I had no idea where in the world I was. I mean – literally. The plane I was on touched down somewhere between Hawaii and Fiji. I was backpacking around the world in the days where travel was more casual – backpacks in the cabin and standby flights the norm.
I had no idea where we’d landed.
All I knew there would be a flight again in 24 hours.
I disembarked anyway.
Challenge 1 – getting through customs.
I tried blagging where I’d be staying – at the local youth hostel.
No hostel existed.
No hotel existed.
At least the unknown destination was English-speaking.
Challenge 2 – what to do next
Standing outside the “airport” on the side of the road.
Maybe there will be a bus, maybe there won’t?
A van pulls over – I’m offered a lift.
Challenge 3 – destination unknown
Where to say I’m going – I don’t even know what country I’m in.
Capital city maybe?
No – okay, how about some local attraction?
I get in the van….
From the kind lady who stopped to pick me up at the side of the road, I discovered I was in Rarotonga. I was taken around the whole island – all 21 miles.
No wonder it didn’t have a youth hostel or hotel.
The beaches were awesome.
My host was more than accommodating. I was invited back to her house where I was treated like a king. In fact, every whim was painstakingly met. Meals were served by ladies-in-waiting, fresh chicken cooked, fruit picked… presented at exactly a time I had suggested. No one else was eating?!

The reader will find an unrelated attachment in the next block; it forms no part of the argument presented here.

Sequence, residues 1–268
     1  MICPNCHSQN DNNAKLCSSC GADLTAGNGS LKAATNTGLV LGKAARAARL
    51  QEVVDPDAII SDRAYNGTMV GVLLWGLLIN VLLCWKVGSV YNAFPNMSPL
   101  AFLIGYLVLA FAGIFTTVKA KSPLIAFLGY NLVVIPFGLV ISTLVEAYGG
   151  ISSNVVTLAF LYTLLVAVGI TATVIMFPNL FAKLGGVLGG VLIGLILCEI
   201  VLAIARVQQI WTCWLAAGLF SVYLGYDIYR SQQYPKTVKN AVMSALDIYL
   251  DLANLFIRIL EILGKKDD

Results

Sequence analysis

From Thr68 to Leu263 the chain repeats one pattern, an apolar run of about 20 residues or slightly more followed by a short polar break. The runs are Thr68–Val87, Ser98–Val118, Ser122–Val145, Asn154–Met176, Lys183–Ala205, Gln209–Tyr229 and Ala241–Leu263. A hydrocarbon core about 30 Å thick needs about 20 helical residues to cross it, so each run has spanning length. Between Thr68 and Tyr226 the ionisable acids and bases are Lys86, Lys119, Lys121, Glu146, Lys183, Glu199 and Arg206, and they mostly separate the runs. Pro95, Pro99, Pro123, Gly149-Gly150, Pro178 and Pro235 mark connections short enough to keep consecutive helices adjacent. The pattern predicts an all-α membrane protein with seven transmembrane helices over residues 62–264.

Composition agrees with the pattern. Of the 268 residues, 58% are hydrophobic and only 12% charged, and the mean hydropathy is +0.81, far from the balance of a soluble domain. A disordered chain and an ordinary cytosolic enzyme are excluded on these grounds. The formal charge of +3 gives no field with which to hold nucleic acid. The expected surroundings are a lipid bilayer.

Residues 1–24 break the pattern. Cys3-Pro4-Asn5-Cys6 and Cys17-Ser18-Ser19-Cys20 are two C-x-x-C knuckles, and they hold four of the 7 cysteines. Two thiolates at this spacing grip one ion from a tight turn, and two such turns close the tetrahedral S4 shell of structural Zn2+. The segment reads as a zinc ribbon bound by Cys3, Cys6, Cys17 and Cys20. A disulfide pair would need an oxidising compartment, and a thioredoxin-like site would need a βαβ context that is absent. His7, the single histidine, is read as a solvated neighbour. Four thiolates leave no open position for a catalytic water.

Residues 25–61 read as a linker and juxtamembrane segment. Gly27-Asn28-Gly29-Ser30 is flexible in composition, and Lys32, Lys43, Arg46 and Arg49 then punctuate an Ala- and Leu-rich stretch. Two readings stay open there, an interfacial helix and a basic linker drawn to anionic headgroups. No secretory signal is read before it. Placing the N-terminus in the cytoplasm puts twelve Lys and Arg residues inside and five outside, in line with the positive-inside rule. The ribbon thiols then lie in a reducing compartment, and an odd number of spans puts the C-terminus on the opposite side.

I then noticed that many people present wore purple. I had stumbled across the kindest cult in the world. My host, the leader, believed herself to be Princess Diana reincarnate and her followers adored her. I was the first person with an English accent they’d met, hence the royal treatment.
But after several hours of intensive special treatment, even being waited on like royalty becomes a bit wearisome. If I asked to go anywhere, I would be taken. If I asked for anything, it would be provided. So, I asked to go to the only place I felt I’d be left in peace.
I asked to be taken to a bar.
Tearfully my host tried to persuade me otherwise and her followers sat weeping outside for a while as I drank inside until it became clear that I would not be returning as the night wore on.
I was left alone in the bar.
Well, not alone exactly.
I was with a young couple – the biggest bloke I’d ever seen and his newly-wed wife.
When he asked me to dance with her, I wasn’t going to argue.
The bar closed. We headed up to the hills to the couple’s house to fill the hours until it was time for me to head back to the airport. They had agreed to give me a lift when my flight was due. As we drove along, the couple were keen to ensure I knew their home was simple and inexpensive. I’m hardly bothered by such things.
The home was simple as expected. Yet in one corner of a sparse room, something caught my attention.
“Is this what I think it is? I asked.
Three gold medals hung on the wall almost discreetly in a corner.
It turns out I was in the company of Rarotonga’s most famous Olympic weightlifter.
A year or so later when I was at University, I tuned into the Olympics to watch the weightlifting. There he was!
“I’ve been to his house and danced with his wife.” I told my mate.
Taking the opportunity to jump off a plane between destinations turned out to be one of the most eventful 24-hours of my life.
Not everything is planned.